Sitting on the north-west outskirts of London, Harrow is one of those areas where the suburbs and the city meet but don’t exactly match. Within 40 minutes you can be in St Albans in Hertfordshire or at Heathrow. In 15 you can be in central London. Wherever you are in the constituency, you’re rarely more than five minutes from a large park or a big roundabout. Quiet streets with bay windows, big driveways and mock tudor awnings suggest the promise and comfort of suburbia. On top of the hill sits Harrow school, where teenagers carrying straw hats and big folders stride around as though they own the place – which they pretty much do. Historically people have come here for better schools, a quieter life, more space and a longer commute.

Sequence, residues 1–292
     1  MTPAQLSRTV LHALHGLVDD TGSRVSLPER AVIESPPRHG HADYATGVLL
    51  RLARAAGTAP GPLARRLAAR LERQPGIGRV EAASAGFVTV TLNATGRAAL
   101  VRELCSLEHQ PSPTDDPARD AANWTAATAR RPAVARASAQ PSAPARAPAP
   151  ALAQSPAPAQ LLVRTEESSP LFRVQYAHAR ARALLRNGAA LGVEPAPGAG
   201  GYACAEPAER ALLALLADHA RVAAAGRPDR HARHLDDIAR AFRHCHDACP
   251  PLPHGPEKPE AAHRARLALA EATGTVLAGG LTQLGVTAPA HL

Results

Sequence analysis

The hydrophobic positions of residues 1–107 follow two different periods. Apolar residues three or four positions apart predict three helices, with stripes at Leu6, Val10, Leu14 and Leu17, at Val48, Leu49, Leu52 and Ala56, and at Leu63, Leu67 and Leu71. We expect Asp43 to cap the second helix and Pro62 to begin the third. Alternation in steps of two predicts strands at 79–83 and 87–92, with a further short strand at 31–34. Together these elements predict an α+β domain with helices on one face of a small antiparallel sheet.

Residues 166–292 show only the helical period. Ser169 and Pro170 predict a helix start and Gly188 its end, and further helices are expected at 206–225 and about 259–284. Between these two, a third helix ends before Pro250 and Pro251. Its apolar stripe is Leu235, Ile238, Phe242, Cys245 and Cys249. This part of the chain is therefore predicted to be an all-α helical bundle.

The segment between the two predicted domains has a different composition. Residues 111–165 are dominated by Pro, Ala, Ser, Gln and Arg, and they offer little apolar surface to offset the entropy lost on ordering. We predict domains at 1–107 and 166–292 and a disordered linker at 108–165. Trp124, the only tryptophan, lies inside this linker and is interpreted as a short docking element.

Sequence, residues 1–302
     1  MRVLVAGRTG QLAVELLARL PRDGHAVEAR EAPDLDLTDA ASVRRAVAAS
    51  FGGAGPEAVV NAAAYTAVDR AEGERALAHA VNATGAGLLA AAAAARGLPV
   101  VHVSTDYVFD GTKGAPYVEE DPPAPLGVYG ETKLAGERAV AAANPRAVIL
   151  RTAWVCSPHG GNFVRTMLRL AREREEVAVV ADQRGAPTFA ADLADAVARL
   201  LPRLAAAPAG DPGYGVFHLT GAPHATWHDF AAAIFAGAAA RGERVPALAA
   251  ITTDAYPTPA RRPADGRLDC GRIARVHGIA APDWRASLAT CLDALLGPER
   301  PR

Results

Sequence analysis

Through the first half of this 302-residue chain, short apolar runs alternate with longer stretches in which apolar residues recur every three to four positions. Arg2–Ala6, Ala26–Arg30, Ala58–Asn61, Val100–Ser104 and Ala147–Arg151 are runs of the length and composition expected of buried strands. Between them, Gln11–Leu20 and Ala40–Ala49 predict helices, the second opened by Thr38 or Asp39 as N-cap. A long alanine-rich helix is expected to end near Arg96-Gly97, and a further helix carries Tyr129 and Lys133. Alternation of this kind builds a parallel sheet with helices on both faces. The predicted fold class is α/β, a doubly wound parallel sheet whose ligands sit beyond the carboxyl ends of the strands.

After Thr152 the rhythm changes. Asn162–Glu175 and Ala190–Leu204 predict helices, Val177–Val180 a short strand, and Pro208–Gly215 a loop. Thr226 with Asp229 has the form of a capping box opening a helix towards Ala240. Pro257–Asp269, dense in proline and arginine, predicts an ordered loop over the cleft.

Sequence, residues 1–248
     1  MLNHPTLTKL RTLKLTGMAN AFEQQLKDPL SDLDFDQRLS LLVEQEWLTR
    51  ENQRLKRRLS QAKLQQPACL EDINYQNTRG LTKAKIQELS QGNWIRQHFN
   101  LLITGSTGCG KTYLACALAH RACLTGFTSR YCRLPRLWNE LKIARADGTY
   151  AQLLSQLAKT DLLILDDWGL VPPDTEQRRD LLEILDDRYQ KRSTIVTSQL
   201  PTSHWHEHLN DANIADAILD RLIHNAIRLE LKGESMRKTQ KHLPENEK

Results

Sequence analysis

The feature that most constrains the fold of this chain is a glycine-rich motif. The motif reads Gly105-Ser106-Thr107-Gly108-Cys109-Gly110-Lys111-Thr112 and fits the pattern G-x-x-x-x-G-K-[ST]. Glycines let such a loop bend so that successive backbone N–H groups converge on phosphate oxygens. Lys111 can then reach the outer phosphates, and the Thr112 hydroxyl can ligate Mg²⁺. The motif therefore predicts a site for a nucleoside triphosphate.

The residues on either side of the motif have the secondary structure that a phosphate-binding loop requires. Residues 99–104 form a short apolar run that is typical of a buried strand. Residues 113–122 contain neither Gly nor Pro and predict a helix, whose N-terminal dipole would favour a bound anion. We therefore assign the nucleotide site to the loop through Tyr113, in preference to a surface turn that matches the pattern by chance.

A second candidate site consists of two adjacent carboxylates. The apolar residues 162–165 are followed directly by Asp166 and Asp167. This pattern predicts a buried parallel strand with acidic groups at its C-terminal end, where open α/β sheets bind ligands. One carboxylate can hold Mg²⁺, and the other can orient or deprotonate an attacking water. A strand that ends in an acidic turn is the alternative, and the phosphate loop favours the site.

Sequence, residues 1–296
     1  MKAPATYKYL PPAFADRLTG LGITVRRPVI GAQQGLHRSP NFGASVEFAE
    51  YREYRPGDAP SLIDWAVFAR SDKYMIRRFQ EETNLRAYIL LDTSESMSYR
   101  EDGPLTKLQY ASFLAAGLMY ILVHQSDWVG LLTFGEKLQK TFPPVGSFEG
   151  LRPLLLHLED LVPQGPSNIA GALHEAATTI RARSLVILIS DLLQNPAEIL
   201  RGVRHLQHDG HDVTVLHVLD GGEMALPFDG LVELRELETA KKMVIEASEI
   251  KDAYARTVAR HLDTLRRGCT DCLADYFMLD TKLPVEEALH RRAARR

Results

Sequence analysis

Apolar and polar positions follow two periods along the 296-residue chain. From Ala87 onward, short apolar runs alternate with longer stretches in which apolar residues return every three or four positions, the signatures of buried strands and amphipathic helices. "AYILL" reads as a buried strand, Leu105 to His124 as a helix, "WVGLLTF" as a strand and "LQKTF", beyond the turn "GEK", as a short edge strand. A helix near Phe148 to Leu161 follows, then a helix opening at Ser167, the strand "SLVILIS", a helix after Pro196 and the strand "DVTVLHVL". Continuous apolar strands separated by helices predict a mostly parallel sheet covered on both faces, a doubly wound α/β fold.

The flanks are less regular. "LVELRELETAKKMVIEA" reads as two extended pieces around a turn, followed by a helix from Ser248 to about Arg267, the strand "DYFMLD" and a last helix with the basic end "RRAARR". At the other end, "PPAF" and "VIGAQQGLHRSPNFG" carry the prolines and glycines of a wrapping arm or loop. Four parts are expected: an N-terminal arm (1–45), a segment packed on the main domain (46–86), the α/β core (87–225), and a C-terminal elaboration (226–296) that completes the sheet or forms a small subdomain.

This is the fifth most culturally diverse borough in the country with one of the lowest crime rates in London. But the very things many left the city to escape – traffic, underfunding, grime and bustle – seem to be following them. A spate of knife attacks has some local people feeling less secure. With owner-occupation rates down from 80% to about 60-65%, a borough that once saw itself as aspirant is now starting to feel transient. Houses meant for single families are occasionally crammed with a lot of low-paid tenants. Bins meant for two adults and two children overflow; mattresses and furniture get dumped; young men with nowhere else to go congregate in the park and drink.
“It definitely feels poorer and dirtier than it used to,” says Rosie Woods, 42, a Labour activist I meet in south Harrow, where the London mayor, Sadiq Khan, is rallying the faithful. “It’s like you can see all the worst bits of a society that’s not working. It’s like it’s all coming out.” When asked about the main local issues, most people mention housing, schools and fly-tipping.